Payment policies

Pay fees via credit card or PayPal. Applications received without full payment of fees will be returned. The Alaska Bar Association does not offer refunds unless you withdraw your application within 10 days of receiving your receipt for a $50 fee.

Cost-saving options

Going to law school, purchasing study materials, and finally taking the Alaska Bar Exam is expensive. Fortunately, there are a number of cost-saving options available for eligible candidates. For example, the Alaska Bar Association offers scholarships to 1L and 2L students who demonstrate ties to Alaska and intend to return to Alaska within 2 years of graduation. 

Most of the scholarships above are for current or soon-to-be law students. Try browsing the AccessLex Institute Law School Scholarship Databank for options better suited to you. You can also check out the American Bar Association's (ABA) website, which offers 100+ opportunities and programs for young lawyers and law students. Even if you can't obtain a scholarship, you can do some basic things to save money while preparing for the bar exam:

  • Join a study group and split the cost of bar exam preparation materials among group members.
  • Research free or low-cost study online study materials like past bar exam questions and answers to supplement commercial study aids.
  • Some bar exam prep companies offer discounts or promotions to students who register early or refer friends to their program.
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Alaska Bar Exam Subjects and Topics

The AK Bar Exam tests a candidate's legal knowledge, analytical skills, and competence to practice law. It covers a range of subjects, from Constitutional Law and Contracts to Criminal Law and Evidence. Candidates will be assessed by their ability to apply legal principles, draft legal documents, and effectively solve problems to ensure they can competently represent clients and complete entry-level legal tasks.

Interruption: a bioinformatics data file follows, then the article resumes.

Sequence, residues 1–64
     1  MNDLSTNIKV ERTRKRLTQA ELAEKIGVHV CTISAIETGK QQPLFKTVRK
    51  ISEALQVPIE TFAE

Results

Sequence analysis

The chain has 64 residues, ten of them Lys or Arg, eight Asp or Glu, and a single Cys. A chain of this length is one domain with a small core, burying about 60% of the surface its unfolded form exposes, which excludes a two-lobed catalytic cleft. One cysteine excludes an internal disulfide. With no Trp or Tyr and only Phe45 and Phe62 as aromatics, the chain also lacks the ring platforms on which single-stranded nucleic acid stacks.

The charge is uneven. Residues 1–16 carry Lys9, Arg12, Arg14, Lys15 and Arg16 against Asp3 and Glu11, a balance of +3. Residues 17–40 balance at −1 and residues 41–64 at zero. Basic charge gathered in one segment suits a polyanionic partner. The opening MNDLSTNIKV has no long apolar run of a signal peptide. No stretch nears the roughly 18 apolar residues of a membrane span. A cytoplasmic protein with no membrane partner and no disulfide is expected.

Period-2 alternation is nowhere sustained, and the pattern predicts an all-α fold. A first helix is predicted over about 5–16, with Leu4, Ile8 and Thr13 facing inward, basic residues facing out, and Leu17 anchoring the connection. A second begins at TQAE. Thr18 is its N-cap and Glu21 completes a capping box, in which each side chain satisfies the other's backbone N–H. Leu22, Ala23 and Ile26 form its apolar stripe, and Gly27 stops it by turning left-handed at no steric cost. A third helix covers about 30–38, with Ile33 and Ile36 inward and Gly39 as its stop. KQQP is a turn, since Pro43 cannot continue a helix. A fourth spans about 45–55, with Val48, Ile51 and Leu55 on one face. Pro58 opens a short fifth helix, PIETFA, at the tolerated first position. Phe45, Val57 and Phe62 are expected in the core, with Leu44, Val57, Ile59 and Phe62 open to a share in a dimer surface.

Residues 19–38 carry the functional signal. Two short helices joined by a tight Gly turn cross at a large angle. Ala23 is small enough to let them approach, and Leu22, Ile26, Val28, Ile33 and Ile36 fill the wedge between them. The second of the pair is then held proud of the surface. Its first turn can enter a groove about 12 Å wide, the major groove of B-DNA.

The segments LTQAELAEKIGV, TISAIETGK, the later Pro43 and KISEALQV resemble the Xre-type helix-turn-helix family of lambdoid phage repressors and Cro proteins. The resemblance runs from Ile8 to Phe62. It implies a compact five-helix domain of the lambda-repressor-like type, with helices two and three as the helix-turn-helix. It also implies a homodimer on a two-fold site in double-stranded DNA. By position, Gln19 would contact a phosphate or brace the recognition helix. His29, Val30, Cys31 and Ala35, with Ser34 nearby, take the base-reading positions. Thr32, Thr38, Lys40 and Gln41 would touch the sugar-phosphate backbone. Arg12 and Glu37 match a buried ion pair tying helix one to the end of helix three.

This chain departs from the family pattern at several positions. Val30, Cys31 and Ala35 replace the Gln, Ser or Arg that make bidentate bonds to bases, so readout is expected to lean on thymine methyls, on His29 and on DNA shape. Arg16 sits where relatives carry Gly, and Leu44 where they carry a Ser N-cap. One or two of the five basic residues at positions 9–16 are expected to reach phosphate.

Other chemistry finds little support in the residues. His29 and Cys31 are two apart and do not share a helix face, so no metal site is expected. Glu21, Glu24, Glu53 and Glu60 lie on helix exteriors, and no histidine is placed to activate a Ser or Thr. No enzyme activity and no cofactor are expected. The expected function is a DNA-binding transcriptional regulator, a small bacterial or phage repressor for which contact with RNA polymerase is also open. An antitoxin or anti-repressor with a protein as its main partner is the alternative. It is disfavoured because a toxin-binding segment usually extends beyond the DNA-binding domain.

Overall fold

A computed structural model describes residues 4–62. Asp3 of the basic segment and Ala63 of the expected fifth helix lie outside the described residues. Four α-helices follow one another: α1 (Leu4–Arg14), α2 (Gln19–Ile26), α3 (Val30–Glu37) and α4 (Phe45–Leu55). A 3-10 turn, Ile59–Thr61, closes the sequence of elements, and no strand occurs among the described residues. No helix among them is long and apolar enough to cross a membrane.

Testable subjects on the MEE

The MEE requires candidates to identify legal issues, apply relevant legal principles, and demonstrate their ability to analyze fact patterns and compose well-reasoned, organized, and concise written responses. MEE subjects include:

Some subjects may be tested together. Others may not be tested at all. What subjects the NCBE chooses for any administration are not made public before the exam. Historically, some have been tested more often than others. For example, Civil Procedure has been tested on almost every MEE for the past 10 years, while Criminal Law has only appeared a few times. However, subjects that occur less frequently may still be paired with others.

Check out our MEE Study Guide for details on planning your studies and determining what's essential so you use your time efficiently. Also, check out our MEE Subject Matter Outline for in-depth explanations of MEE subjects and sub-topics.

Testable subjects on the MBE

The MBE contains 200 multiple-choice questions divided evenly over 7 subjects. You'll notice that 7 x 25 does not equal 200. That's because 25 MBE questions are unscored questions that the NCBE field tests for future exams. There is no way to identify which questions are scored or unscored, so it's best to imagine that they are equally important. MBE subjects are as follows:

MPT: Testable items

The MPT is designed to test an examinee's "lawyering skills" using only the materials provided. These tasks are conducted in a closed-universe, fictional jurisdiction called "Franklin." The laws of the real world do not apply, so your critical thinking skills and understanding of fundamental legal principles are key. You'll receive faux reference material, which you'll use to solve two tasks, each graded on a scale from 0 to 6.